The African economy is still mostly rural-based and informal, driven by family-holders farmers; primarily women. The improvement of the African family- farmers system will achieve the dual targets of addressing some of the poverty reduction and gender imbalance questions in Africa. It is in this vein that AEFJN considers agricultural development as an essential agenda in the mapping of the future strategy of EU-Africa partnerships or any partnerships with the African nations.

The quest for the development of African family-farmers does not suggest the industrialisation of agriculture in Africa. The stakeholders must clearly understand this, or else their development initiatives will be counterproductive and bring untold setback to the ecosystem and the African socio-economic system, which constitutes the very fibre of its identity and existence.  In general, family farmers function within the ambit of the principles of agroecology and they present potentials for sustainable food production and agriculture. Family farming is not necessarily averse to big size farms. Instead, it is opposed to farms that function outside the ambit of the principles of sustainable agroecology. The development of family farmers in this context could mean a shift from the chemical-dependent agriculture to the fold of family farmers or increasing the size of the family farmers’ farms without compromising the agro-ecological principles.

In one sense, the development of Africa’s agriculture points in the direction of building on the local innovations that are already in existence within the continent. There are already local innovations in African communities that would transform African agriculture and ensure food security if they are scaled up. The shade net system in Nigeria, for example, is an adaption of the greenhouse system. The shade net system uses agro nets or other woven material to allow entry of required sunlight, moisture and air. It creates an appropriate climate for plant growth and is a cheaper and better alternative to the greenhouse system, based on some conducted sample surveys. The shade net system also has higher acceptability, because it is cost-effective, well-suited to the African climate, and easily controlled by adjusting the intensity of the shade net.

One of the significant challenges facing Africa’s rural family is having real value for their produce. It is sad to see that after the farmers have laboured to till the soil and produced good quality foodstuff, unfavourable market forces compelled them to sell their produce at giveaway prices. The stories are told about the African farmers that highlight agriculture as their endeared way of life, but that is less than the whole truth. African farmers want good life lives just like every other human and the actual value their produce entitle them to that much. They need not live poverty-stricken when they labour sustainably and yield products of great importance. Their counterparts in Europe and elsewhere are the envy of other economic sectors and are recognised for their real worth. Agriculture is the business through which they can improve their living conditions, and that makes accessing market to have worth for their produce becomes imperative.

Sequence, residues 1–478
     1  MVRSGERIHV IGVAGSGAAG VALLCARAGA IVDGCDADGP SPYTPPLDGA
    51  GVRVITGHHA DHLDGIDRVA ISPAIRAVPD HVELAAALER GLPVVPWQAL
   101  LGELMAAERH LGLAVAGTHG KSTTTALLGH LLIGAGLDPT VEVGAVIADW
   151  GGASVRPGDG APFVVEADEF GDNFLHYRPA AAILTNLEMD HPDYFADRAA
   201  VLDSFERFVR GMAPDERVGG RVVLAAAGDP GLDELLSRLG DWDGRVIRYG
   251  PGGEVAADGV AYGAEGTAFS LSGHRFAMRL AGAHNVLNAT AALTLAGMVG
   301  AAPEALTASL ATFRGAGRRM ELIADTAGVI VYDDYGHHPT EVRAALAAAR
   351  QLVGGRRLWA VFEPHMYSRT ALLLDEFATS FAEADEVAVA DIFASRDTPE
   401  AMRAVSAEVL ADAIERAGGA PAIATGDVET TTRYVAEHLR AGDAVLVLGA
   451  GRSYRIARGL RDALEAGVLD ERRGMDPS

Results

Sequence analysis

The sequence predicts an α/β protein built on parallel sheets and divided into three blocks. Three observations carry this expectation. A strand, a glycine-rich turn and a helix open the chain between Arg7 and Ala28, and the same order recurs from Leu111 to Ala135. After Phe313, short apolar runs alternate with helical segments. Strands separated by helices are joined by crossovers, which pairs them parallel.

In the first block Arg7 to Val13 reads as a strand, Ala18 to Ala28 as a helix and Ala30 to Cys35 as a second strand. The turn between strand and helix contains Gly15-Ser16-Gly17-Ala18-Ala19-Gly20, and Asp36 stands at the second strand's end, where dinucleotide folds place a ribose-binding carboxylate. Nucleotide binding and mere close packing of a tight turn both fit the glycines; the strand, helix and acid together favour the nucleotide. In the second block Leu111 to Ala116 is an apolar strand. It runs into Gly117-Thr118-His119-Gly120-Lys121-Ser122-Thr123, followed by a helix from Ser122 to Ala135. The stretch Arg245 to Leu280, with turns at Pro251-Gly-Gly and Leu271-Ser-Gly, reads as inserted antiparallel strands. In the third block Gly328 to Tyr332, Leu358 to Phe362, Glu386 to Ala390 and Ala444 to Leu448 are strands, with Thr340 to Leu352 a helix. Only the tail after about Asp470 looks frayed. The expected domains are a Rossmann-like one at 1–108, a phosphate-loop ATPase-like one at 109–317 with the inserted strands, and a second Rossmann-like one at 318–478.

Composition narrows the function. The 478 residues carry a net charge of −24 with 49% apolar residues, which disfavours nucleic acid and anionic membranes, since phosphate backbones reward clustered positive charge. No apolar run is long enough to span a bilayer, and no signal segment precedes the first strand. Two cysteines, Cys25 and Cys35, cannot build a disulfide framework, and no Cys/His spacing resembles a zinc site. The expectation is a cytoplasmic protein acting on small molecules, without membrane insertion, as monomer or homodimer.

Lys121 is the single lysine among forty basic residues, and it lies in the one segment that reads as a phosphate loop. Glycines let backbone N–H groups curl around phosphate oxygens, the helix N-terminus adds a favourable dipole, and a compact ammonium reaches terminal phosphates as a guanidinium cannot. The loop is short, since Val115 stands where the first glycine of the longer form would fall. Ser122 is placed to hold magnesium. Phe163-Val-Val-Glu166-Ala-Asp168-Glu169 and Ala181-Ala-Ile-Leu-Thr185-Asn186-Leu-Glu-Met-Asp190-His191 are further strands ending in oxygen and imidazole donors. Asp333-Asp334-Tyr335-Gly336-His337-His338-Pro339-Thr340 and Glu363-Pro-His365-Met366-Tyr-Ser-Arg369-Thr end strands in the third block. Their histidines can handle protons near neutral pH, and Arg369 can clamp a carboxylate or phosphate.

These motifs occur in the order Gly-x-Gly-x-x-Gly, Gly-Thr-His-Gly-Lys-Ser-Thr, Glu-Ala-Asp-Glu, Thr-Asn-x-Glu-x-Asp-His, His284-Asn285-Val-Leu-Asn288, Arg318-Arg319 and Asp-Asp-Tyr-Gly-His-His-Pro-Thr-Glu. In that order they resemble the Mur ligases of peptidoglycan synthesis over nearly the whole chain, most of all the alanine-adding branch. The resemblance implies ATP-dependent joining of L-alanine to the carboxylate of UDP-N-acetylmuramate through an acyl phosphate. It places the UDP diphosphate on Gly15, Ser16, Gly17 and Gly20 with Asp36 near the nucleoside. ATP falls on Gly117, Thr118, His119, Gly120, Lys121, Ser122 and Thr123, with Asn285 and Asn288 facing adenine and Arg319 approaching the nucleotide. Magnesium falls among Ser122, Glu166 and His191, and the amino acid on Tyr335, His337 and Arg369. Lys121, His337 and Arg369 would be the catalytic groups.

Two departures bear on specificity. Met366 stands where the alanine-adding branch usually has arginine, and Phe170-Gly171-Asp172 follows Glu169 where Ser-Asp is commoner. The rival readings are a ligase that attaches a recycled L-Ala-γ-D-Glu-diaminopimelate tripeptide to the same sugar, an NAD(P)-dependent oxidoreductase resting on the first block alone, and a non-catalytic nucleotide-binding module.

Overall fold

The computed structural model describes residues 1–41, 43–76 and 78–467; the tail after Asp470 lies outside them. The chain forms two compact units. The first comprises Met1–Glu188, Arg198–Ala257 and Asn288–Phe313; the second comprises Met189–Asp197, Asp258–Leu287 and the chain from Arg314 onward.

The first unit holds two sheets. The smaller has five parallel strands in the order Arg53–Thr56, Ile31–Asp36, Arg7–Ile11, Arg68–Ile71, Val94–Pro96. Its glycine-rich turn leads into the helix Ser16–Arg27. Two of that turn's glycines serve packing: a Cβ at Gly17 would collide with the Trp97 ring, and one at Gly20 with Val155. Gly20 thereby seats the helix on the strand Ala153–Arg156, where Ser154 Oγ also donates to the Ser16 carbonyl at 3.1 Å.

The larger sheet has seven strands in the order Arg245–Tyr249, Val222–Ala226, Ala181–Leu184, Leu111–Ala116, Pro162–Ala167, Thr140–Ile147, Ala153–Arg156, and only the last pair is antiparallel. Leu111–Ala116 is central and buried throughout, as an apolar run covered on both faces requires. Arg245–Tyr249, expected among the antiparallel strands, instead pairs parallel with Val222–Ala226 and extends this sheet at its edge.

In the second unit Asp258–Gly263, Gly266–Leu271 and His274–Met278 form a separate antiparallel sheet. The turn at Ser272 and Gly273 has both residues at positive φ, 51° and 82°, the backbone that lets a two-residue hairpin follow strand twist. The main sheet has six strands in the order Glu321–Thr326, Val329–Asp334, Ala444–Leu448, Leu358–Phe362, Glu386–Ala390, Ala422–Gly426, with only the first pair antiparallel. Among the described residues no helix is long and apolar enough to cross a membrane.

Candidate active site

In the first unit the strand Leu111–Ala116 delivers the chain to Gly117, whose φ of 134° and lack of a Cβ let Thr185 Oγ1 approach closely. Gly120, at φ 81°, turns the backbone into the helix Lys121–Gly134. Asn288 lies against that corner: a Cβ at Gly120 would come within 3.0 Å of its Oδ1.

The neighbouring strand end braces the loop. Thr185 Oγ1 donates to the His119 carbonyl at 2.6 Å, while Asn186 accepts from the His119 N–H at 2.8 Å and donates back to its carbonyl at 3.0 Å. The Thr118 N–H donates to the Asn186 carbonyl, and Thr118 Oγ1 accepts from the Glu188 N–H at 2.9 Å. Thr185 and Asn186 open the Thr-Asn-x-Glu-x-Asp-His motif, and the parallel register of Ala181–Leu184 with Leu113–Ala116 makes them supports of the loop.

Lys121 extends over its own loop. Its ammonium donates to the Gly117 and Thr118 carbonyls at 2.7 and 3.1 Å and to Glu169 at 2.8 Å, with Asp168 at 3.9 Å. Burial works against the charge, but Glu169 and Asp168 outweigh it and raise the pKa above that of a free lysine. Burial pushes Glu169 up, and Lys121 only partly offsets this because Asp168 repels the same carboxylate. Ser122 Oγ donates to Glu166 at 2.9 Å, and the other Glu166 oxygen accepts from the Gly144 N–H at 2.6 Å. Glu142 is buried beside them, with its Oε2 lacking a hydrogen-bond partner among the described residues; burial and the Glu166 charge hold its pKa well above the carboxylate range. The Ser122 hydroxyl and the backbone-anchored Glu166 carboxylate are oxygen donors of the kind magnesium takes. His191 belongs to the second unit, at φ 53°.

Scaling up the activities of the family- farmers may be what they need to realise their profitability. That would necessarily include access to market to ensure adequate marginal returns on their investments and to reduce the food loss and wastage that occurs at the farm gate. In this vein, creating an aggregation that connects smallholder farmers to access to market to enhance value for the family farmers’ labour will be a turning point in the life of the African family farmers.  Knowing that what they produce is fully utilised in feeding the people while at the same getting the worth for their labour will inspire and excite the average African farmer the more and the teeming African young people to embrace farming as dignified trade. Scaling up the activities of African family farmers is an achievable response to the unabating and perilous crossing of the Mediterranean. One of the lures that Europe holds for young Africans is the promise of dignified returns for just labour. The development of the family-farming system has the promise of an alternative to the dangerous quest for a better life. The first step, in this direction, is to take a hard look at the economic resources of the African continent; the family-farming system has remained unexplored, undervalued and exploited.

Chika Onyejiuwa